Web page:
As the emergent church expands, African Americans will wonder how we might fit into environments where none of the faces look like our own. Many of us won't leave our congregations because our identities are there, our literal DNA carriers are still religious conservatives, and voicing contrary beliefs could disrupt the family unit. Many of us wonder if our friends will still talk to us if we openly admit that we think gays have a place in church leadership, that "liberalism" isn't the devil's theology, or that "hell" might really be an invention of the church.
African Americans who overcome these challenges often exit mainstream Christianity to live in spiritual exile with no support system and no clue that they may have emerged. Online communities could cause these unknowingly-emergent exiles to find one another or to find faith groups led by African American emergent ministers such as Anthony Smith.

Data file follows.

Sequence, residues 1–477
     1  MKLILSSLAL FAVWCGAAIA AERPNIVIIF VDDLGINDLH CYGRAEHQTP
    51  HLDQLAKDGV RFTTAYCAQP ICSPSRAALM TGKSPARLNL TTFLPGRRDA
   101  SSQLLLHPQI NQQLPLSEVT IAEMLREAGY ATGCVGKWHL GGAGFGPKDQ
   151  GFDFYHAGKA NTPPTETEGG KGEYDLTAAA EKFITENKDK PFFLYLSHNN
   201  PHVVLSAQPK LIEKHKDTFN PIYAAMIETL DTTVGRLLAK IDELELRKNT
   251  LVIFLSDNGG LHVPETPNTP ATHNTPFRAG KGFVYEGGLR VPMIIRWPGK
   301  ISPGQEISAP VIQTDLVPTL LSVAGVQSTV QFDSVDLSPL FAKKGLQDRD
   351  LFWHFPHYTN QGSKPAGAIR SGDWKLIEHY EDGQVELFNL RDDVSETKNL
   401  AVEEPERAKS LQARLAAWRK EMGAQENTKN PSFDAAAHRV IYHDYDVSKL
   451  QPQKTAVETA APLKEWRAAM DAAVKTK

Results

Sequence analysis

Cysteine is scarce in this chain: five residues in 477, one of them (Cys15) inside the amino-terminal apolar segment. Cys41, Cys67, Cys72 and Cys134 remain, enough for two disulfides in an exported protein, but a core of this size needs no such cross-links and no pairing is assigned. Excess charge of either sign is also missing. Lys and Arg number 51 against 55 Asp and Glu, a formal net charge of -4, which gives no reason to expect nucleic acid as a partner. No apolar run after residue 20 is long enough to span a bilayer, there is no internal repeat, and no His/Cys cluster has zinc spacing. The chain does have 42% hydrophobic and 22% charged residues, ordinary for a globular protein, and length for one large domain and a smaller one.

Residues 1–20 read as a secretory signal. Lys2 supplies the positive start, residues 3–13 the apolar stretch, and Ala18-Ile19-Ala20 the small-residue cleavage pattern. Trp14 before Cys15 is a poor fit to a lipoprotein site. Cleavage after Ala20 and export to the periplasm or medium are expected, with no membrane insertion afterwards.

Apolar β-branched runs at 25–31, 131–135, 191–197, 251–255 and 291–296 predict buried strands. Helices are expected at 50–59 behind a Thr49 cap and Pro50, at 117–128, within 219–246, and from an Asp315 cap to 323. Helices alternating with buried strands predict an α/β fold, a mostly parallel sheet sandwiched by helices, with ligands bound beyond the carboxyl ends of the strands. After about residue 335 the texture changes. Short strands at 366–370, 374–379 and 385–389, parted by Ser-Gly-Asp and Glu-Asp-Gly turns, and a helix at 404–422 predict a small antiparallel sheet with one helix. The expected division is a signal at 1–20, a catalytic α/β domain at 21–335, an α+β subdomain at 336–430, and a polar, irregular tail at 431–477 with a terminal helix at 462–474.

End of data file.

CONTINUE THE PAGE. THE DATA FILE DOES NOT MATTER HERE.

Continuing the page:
Those who wonder if African Americans will join the emergent conversation must understand that African American Christians will begin the journey by demonstrating emergent values before embracing the "emergent" label. Emergent voices will have to remain culturally sensitive to the needs of people of color and be intentional about inviting minorities to join in the conversation. And we will have to remember that no religious reformation of significance has ever happened overnight. The process will be slow, but if undertaken with care, could be monumental for Christians of all ethnicities.